Wondering Why?

Why do masons wear aprons?

Masons, also known as freemasons, are a fraternal organization originally founded in America but which later spread all over the world. They have their origins in the stonemason local organizations that existed in the fourteenth century. Like all organization, the freemasons have traditional garbs and one of the necessary parts of their garb includes a white apron, which has been part of the mason tradition since time out of mind.

Masonic aprons originated from aprons used by actual stonemasons in earlier times, in order to protect their clothes when doing masonry. These aprons were typically very large and covered the front of the body from chin to ankles. They were usually made of leather. When the freemasons arose, they also adopted the garment. Over time it has evolved from a long garment to a much shorter one. The bib, or the upper part of the apron, is no longer worn and is usually either absent or folded down.

A major feature of masonic aprons is the design on them. A novice is given a pure white apron, which can then be embellished with designs that signify his or her progress in the hierarchy. These designs include rosettes embroidered on, which signify rank. Further embellishment can be achieved using tassels, and sometimes the apron is edged with ribbon. The color of the edging ribbon depends on the lodge precedents as well as tradition, although it has now been standardized as a blue color.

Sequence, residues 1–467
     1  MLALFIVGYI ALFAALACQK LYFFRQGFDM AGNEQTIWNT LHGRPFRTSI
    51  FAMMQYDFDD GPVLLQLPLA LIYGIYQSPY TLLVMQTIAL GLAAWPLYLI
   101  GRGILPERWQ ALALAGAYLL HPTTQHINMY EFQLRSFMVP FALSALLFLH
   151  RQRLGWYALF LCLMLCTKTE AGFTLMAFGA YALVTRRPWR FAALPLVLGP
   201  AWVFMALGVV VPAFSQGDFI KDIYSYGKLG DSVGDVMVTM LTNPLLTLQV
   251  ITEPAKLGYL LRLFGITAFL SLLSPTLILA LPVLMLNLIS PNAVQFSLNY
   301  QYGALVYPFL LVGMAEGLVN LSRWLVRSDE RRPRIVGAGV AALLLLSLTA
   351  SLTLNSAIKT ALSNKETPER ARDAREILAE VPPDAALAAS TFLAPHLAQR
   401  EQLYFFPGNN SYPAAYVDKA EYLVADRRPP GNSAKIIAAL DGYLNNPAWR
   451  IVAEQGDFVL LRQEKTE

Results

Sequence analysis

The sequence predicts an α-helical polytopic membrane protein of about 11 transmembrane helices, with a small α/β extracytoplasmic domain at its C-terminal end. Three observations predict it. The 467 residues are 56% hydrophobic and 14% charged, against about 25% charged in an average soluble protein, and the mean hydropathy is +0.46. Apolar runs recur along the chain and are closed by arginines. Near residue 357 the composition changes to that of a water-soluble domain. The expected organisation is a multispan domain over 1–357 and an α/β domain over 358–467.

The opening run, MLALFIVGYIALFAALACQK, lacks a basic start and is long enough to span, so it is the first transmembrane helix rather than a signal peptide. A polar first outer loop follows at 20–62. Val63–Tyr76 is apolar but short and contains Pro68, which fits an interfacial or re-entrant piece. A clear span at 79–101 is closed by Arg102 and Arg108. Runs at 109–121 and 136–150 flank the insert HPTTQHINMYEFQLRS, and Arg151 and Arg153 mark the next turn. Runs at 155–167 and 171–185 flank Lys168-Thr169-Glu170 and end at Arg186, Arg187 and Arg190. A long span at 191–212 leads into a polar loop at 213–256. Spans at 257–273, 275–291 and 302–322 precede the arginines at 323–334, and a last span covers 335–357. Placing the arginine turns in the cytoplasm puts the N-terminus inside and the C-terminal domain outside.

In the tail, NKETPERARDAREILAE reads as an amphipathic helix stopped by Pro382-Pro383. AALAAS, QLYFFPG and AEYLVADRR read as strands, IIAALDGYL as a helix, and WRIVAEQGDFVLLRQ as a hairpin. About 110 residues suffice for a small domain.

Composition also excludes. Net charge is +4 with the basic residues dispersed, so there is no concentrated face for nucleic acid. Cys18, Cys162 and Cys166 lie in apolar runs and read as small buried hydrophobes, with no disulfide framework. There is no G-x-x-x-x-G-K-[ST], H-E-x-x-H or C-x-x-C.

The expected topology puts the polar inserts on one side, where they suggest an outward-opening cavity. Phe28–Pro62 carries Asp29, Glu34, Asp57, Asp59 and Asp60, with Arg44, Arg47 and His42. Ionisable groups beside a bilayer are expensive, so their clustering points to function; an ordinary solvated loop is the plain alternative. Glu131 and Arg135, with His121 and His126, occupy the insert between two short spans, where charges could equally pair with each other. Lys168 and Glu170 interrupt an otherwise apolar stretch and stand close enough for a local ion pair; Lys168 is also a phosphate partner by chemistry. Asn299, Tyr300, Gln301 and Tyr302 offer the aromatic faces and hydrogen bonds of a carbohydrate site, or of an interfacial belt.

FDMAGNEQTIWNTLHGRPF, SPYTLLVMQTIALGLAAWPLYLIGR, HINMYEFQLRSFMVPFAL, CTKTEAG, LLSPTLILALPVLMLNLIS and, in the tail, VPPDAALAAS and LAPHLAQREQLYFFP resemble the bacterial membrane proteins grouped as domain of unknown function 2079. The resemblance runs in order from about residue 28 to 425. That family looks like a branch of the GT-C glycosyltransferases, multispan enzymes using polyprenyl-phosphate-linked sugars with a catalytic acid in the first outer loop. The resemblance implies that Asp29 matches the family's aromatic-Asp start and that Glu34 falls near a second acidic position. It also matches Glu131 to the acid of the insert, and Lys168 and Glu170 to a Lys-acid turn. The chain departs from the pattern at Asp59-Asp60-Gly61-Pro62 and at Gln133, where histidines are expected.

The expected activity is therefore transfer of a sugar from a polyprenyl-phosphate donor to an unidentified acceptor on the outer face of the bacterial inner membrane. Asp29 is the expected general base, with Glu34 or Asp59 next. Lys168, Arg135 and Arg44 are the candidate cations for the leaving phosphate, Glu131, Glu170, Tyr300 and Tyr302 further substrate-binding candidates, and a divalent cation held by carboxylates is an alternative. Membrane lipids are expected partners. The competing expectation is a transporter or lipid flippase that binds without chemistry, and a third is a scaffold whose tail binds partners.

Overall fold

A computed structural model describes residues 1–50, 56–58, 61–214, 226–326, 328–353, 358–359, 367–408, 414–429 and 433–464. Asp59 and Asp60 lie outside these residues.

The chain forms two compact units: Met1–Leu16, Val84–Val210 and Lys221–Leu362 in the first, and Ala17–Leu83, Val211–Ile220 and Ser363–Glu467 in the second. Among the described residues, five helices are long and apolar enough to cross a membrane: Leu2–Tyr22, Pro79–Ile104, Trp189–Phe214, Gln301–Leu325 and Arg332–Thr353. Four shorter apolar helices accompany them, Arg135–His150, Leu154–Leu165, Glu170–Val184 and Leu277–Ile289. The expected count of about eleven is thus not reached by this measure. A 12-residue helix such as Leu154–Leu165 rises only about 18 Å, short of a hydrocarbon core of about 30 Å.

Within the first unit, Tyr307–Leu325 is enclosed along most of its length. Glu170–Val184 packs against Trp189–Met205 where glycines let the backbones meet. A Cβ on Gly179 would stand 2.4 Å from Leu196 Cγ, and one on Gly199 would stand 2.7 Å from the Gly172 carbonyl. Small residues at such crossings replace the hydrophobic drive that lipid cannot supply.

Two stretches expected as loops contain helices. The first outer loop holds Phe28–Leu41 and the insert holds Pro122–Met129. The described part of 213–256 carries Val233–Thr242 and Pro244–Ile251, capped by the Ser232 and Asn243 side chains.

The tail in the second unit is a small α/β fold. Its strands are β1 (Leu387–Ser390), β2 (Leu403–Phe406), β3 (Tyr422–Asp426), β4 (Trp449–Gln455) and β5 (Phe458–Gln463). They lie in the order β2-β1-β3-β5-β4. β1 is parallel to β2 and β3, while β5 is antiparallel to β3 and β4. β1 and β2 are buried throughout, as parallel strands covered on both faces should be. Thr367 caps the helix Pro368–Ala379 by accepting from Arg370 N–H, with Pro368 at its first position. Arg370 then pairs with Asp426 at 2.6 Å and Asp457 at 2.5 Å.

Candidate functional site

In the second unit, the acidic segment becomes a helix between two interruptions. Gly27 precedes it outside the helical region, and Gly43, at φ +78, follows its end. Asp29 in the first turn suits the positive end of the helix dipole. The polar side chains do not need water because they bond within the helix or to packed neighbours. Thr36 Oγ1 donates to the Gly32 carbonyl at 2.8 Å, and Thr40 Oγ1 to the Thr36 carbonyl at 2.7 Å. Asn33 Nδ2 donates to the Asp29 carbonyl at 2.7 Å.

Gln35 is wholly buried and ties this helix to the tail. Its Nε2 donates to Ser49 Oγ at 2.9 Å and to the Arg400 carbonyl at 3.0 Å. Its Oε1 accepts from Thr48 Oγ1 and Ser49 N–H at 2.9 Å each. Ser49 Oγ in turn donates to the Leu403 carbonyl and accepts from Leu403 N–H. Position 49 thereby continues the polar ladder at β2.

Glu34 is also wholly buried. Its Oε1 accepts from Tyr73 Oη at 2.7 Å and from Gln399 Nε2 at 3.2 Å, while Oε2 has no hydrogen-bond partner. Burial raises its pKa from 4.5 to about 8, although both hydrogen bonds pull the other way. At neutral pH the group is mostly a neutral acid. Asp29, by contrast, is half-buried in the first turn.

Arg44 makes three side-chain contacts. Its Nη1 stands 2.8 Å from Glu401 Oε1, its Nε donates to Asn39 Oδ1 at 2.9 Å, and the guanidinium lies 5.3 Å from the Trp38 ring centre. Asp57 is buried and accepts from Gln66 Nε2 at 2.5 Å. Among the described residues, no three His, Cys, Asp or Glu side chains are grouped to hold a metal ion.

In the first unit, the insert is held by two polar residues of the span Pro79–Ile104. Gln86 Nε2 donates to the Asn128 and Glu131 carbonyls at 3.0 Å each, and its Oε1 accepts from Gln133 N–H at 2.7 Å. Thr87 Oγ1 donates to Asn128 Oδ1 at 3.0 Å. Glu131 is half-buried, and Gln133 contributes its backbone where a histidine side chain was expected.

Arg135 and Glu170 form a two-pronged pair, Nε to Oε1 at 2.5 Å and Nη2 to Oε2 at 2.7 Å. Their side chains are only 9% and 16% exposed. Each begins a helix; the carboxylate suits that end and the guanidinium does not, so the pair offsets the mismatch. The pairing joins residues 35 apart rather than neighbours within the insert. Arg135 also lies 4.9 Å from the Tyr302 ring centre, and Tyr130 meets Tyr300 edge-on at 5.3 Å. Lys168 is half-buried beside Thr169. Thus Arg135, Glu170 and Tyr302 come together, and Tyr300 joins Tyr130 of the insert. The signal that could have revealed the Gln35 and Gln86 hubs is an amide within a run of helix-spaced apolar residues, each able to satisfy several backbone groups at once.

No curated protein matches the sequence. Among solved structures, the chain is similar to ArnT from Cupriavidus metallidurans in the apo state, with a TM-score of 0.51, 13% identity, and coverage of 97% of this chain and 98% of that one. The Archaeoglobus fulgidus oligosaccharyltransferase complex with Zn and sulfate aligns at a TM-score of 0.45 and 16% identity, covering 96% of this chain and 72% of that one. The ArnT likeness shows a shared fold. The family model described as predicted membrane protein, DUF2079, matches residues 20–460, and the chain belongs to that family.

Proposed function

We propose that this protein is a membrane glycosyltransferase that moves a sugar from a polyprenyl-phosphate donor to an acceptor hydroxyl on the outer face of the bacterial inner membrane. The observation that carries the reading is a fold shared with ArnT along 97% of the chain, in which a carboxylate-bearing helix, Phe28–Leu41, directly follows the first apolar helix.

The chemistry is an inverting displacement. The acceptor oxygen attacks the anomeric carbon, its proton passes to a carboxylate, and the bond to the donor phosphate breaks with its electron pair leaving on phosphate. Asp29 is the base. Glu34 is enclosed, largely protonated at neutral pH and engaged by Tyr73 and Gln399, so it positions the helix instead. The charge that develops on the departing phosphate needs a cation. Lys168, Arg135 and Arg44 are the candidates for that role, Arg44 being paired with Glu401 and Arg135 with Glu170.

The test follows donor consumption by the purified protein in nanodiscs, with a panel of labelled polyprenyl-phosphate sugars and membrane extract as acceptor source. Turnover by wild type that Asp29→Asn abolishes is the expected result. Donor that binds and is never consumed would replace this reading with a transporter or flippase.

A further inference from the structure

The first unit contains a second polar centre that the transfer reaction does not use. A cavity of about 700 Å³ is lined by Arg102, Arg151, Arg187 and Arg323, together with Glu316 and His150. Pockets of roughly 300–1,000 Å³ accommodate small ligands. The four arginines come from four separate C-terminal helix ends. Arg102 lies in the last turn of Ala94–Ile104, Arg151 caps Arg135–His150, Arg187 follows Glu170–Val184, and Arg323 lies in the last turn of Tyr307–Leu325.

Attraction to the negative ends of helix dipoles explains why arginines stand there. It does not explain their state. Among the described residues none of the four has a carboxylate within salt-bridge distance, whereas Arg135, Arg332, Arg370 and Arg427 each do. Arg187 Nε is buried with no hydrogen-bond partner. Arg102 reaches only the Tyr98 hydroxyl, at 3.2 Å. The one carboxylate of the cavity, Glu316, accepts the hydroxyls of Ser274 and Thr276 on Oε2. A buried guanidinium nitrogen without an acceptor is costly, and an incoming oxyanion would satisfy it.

The mason’s apron has several symbolic meanings attached to it. For example, even the simple, plain white novice’s apron can be said to have symbolic implication. The four right angles of the square shape signify Purity, Truth, Sincerity and Honesty. Then the four sides signify four cardinal virtues – temperance, fortitude, prudence and justice. In a similar way, other aspects of the apron are imbued with significance.
As with any group symbol, the apron holds immense importance for masons. It is considered an essential piece of clothing, the bestowal and wearing of which cannot be taken lightly.


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References :

[0] http://www.masonicdictionary.com/apron2.html
[1] http://www.phoenixmasonry.org/symbolism_and_design_of_the_masonic_apron.htm